James Wan’s Most Outrageous Horror Movie is Streaming Now on Hulu
Before M3GAN, there was Malignant.
Few contemporary filmmakers have had as much of an impact on the horror genre as James Wan. His 2004 breakout hit, Saw, not only spawned an entire, still-ongoing franchise but also briefly popularized a torture-centric form of horror filmmaking. Less than a decade later, he directed the first installments of what are now major franchises in Insidious and The Conjuring, both of which cemented his place as one of the most capable horror directors and stylists working today.
While Wan has spent the past few years focusing more on action franchises like the DCEU and Fast and Furious, too, he did find time in 2021 to direct his wildest horror movie to date. The film in question, Malignant, hails from Wan and M3GAN screenwriter Akela Cooper, and it’s every bit as outrageous, horrifying, and fun as that creative pairing suggests. It is, perhaps, the most straightforward homage to Evil Dead director Sam Raimi that Wan has ever made — and it’s worth seeking out solely for its sheer, unabashed creative spirit.
Fortunately, it just so happens to be available to stream right now on Hulu.
Malignant follows Madison Mitchell (Annabelle Wallis), a woman with a mysterious past who is not only pregnant when the film begins, but also trapped in an abusive relationship with her husband, Derek (Jake Abel). After Derek attacks her one night, Madison tragically loses her baby and begins to experience terrifying visions involving a mysterious murderer. Her world is turned further upside down when she realizes — much to her horror — that her visions aren’t as divorced from reality as she’d previously thought.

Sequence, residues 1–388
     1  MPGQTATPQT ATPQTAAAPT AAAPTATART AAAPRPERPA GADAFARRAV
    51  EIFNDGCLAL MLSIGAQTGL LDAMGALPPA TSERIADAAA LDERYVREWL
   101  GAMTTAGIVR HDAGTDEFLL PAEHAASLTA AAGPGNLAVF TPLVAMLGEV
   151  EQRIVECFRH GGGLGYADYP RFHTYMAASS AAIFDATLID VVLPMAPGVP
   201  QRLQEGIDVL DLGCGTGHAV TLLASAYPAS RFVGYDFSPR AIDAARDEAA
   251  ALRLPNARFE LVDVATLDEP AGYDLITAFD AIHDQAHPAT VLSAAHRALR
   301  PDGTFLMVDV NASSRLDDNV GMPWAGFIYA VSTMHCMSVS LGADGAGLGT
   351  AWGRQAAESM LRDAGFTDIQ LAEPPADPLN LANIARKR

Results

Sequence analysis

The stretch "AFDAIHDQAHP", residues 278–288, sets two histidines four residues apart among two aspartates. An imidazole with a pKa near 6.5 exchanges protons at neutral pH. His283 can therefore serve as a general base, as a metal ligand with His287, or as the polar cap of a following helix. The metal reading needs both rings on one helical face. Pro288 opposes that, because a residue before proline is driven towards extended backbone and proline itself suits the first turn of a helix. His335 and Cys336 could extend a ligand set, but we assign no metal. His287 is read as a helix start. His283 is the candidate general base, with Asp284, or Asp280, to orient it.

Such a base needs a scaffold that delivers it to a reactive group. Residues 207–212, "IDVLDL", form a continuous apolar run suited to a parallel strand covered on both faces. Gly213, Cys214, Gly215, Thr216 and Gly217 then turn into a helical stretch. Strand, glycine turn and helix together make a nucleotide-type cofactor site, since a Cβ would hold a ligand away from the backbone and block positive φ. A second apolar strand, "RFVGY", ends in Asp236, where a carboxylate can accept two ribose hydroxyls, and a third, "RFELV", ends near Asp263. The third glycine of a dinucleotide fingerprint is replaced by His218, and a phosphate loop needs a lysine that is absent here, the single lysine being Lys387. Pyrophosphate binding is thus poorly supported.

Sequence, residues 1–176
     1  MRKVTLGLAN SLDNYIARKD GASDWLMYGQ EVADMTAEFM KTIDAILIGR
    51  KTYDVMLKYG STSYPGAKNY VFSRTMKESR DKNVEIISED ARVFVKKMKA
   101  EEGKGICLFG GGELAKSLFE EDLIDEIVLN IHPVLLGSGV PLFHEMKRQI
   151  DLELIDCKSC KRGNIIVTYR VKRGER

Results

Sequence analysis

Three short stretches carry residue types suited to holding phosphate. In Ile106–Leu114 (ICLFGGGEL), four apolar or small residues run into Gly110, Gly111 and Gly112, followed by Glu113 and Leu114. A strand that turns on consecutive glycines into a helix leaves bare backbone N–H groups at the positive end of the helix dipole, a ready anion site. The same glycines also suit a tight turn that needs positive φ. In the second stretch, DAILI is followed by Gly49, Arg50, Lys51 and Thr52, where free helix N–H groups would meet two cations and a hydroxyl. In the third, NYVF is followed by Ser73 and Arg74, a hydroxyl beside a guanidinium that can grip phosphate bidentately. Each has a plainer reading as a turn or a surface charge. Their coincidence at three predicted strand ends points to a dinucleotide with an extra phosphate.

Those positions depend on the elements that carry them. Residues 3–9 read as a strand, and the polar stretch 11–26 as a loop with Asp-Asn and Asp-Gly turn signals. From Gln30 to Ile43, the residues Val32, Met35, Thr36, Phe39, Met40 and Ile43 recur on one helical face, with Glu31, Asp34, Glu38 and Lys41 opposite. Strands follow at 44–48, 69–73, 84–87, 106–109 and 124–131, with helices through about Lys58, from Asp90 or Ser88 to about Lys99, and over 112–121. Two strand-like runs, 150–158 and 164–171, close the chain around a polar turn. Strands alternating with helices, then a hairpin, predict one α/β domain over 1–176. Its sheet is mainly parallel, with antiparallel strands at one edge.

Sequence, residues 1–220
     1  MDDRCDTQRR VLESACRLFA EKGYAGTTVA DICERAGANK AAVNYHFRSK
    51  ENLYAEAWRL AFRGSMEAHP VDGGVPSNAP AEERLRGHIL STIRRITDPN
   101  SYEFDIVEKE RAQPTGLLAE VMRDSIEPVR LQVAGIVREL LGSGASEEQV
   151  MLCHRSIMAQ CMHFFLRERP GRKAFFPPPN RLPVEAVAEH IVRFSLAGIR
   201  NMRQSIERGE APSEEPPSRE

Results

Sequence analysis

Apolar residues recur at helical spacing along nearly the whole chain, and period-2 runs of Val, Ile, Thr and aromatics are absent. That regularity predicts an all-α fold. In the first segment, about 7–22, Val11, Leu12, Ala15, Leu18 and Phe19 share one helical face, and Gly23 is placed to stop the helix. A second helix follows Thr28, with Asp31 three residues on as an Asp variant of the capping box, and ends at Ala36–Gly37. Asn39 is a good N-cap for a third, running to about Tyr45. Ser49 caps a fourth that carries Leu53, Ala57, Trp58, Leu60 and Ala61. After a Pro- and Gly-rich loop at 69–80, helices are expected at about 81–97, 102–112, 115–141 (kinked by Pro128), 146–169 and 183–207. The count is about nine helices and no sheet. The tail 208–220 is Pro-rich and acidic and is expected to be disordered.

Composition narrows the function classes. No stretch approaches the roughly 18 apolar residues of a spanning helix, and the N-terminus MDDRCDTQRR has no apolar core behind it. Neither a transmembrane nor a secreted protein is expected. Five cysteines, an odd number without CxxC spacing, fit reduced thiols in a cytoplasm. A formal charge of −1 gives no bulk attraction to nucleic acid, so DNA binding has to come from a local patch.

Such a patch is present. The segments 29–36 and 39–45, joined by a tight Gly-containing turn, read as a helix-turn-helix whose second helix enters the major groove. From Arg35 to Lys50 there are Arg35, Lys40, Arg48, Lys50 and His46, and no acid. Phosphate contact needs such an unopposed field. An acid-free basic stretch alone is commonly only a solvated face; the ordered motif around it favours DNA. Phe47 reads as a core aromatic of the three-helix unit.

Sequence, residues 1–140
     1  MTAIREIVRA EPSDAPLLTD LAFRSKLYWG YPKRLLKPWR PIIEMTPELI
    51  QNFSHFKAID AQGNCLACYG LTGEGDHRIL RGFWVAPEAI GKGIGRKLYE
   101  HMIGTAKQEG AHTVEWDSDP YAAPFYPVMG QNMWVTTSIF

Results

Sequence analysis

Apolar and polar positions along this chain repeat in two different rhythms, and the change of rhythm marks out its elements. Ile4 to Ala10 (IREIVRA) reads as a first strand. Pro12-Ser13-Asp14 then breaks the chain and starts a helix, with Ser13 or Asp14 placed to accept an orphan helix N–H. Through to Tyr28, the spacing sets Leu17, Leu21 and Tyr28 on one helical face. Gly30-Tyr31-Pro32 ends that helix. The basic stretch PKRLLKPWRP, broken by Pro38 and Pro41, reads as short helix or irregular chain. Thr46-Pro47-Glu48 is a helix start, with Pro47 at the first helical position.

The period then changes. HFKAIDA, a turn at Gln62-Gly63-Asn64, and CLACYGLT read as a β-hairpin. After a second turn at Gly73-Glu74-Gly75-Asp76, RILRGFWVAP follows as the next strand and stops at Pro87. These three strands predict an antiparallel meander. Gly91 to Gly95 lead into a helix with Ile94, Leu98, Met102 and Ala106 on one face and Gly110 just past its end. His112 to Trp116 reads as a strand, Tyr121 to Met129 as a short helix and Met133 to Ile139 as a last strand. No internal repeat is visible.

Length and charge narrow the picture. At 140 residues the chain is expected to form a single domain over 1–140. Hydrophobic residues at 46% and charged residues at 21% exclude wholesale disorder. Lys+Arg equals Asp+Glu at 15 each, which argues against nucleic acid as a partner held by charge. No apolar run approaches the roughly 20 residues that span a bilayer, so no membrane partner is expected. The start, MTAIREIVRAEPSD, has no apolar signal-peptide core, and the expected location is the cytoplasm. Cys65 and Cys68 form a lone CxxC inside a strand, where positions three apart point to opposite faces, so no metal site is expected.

To say much more about Malignant’s plot would be to undercut much of the film’s zany, unexpected power. What should be noted, however, is that Malignant is not the film many expected it to be leading up to its release, nor is it the somewhat bland horror thriller that its first act suggests. It is, in all actuality, an ultraviolent slice of horror comedy that is so narratively ridiculous and magnificently directed it’ll likely leave most viewers slack-jawed the first time they watch it.
It’d be an understatement to call the twists Malignant takes in its second and third acts merely “surprising.” With just a handful of midpoint reveals, the film transforms from a seemingly by-the-numbers horror blockbuster into a bizarre horror comedy that has a far gnarlier and snarkier sense of fun than anyone could have rightly seen coming. It’s part Jacob’s Ladder, part Insidious, and part Evil Dead II, and its various tonal elements are all brought together by Wan’s go-for-broke, maximalist visual style.
Like all horror comedies, Malignant isn’t for everyone. The film’s tongue-in-cheek self-awareness is, at times, purposefully off-putting, especially when combined with its unrepentant bloodlust. That said, those who are able to get on the same frequency as Wan and Cooper will likely find themselves having more fun with Malignant than most other studio horror movies of the past few years. It’s a big, bold creative swing, one that manages to make time for a bloodbath in a police station that is simultaneously exhilarating to watch and laughably goofy.
The same goes for a jail cell throwdown that is, to put it simply, one of the most deranged sequences in recent mainstream horror history. It’s not every day that a filmmaker as established as Wan gets the chance to truly and completely let loose on-screen, but that’s exactly what he does in Malignant.